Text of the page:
ance from the powerful influence of the sun, which we had experienced in the commencement of the week; the snow that had generally incrusted its surface, was nearly melted away, and the temperature of the day, the thermometer being at 36, had much contributed to its dissolution. At one o'clock a thick fog set in, but we, being tolerably free from ice, felt less anxiety than is usual on such occasions; about six o'clock the fog cleared, and we changed our course to the westward, determined to try what a higher latitude might produce, but we had not proceeded longer than five hours, when, towards the north-west, the brightest ice blink I had ever seen, stretched across the horizon from the south-west to north-east; I beheld this splendid phenomenon with very great concern, as it foreboded further opposition to the much-desired object of getting to the western land. Being joined by the Experiment of Hull, and the Jean of Peterhead, the masters came on board and gave the sorrowful tidings of the impracticability of getting near the west land, which they had been trying, on the assurance that the whales had resorted to it last year: they stated, that they had endeavoured to effect that object, from the 78° to the 71° of latitude, but that a range of impenetrable ice had compelled them to relinquish the attempt. They also remarked, that the ice had not pursued its usual summer course; that fields and floes were more numerous; that the fields were fixed, and that the floes had not gone to the south. The obstruc-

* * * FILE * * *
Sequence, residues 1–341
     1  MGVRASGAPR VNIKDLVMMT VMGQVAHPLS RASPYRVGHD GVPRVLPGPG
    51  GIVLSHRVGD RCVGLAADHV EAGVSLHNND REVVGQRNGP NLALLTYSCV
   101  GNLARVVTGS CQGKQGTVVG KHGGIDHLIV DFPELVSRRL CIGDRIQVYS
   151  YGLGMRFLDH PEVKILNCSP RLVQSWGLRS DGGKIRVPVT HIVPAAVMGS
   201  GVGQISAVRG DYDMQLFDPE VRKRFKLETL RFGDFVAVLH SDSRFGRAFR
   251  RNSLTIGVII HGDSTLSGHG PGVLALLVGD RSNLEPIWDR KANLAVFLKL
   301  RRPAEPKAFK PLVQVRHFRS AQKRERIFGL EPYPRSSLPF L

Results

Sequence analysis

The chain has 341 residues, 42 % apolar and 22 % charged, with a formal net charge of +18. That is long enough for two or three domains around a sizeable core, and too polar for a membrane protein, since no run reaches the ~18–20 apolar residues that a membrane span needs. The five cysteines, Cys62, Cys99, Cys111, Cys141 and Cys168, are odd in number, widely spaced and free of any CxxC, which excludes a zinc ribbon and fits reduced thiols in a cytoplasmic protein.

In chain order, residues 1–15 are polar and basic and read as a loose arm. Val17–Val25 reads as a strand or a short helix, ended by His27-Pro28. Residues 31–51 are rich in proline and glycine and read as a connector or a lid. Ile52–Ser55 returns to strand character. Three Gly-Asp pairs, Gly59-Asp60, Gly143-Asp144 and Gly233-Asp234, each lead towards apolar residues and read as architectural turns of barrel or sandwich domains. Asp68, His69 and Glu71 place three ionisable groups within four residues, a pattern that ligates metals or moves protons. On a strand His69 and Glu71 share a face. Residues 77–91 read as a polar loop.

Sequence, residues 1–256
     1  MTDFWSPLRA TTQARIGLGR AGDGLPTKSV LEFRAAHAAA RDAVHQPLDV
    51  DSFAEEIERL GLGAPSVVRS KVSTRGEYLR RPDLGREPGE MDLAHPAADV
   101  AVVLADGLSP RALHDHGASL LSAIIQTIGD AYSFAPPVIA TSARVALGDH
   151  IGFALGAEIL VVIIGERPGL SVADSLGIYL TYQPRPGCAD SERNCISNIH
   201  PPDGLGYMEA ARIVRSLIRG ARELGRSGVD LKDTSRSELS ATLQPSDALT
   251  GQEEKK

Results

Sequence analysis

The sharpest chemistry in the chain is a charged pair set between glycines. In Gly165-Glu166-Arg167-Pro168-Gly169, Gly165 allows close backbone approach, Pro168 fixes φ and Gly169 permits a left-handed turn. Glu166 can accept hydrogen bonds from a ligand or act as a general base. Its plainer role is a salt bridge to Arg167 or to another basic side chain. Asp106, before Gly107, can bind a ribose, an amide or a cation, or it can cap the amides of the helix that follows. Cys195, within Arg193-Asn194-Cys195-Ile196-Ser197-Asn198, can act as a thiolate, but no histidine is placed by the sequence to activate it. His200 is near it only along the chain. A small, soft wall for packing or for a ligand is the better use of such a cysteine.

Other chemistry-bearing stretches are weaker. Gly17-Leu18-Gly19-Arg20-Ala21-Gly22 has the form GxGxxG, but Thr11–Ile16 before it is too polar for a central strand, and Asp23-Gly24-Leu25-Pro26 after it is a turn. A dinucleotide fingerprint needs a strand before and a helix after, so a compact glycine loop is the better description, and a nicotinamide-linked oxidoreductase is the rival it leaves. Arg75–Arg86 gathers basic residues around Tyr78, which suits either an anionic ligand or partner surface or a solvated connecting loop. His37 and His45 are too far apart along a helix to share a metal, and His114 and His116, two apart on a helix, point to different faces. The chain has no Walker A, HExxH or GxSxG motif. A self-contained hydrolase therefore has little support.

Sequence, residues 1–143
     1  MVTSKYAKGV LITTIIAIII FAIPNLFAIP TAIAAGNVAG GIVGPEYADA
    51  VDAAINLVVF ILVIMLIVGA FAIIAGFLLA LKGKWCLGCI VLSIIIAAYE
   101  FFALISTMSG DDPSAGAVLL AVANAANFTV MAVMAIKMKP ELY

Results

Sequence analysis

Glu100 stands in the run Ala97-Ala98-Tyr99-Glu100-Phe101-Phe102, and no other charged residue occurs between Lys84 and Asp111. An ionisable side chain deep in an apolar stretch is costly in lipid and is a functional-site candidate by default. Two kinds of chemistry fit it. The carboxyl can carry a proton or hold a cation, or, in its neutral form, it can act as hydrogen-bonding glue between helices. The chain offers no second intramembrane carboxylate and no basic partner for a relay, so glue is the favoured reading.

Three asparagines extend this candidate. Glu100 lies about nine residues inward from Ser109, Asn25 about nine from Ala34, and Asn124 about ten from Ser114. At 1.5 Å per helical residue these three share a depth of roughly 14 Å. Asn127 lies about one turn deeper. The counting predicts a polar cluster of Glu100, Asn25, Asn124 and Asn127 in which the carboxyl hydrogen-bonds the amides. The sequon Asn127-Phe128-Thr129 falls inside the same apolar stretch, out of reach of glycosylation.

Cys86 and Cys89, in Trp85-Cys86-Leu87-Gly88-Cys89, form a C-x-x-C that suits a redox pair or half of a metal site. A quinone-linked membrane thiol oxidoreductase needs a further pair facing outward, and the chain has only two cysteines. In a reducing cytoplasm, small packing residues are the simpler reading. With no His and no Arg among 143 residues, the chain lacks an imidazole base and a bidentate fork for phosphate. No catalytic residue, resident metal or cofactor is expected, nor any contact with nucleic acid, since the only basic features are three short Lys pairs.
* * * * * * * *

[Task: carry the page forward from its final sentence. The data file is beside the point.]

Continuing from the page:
Page:Journal of a Voyage to Greenland, in the Year 1821.djvu/170
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VOYAGE TO GREENLAND.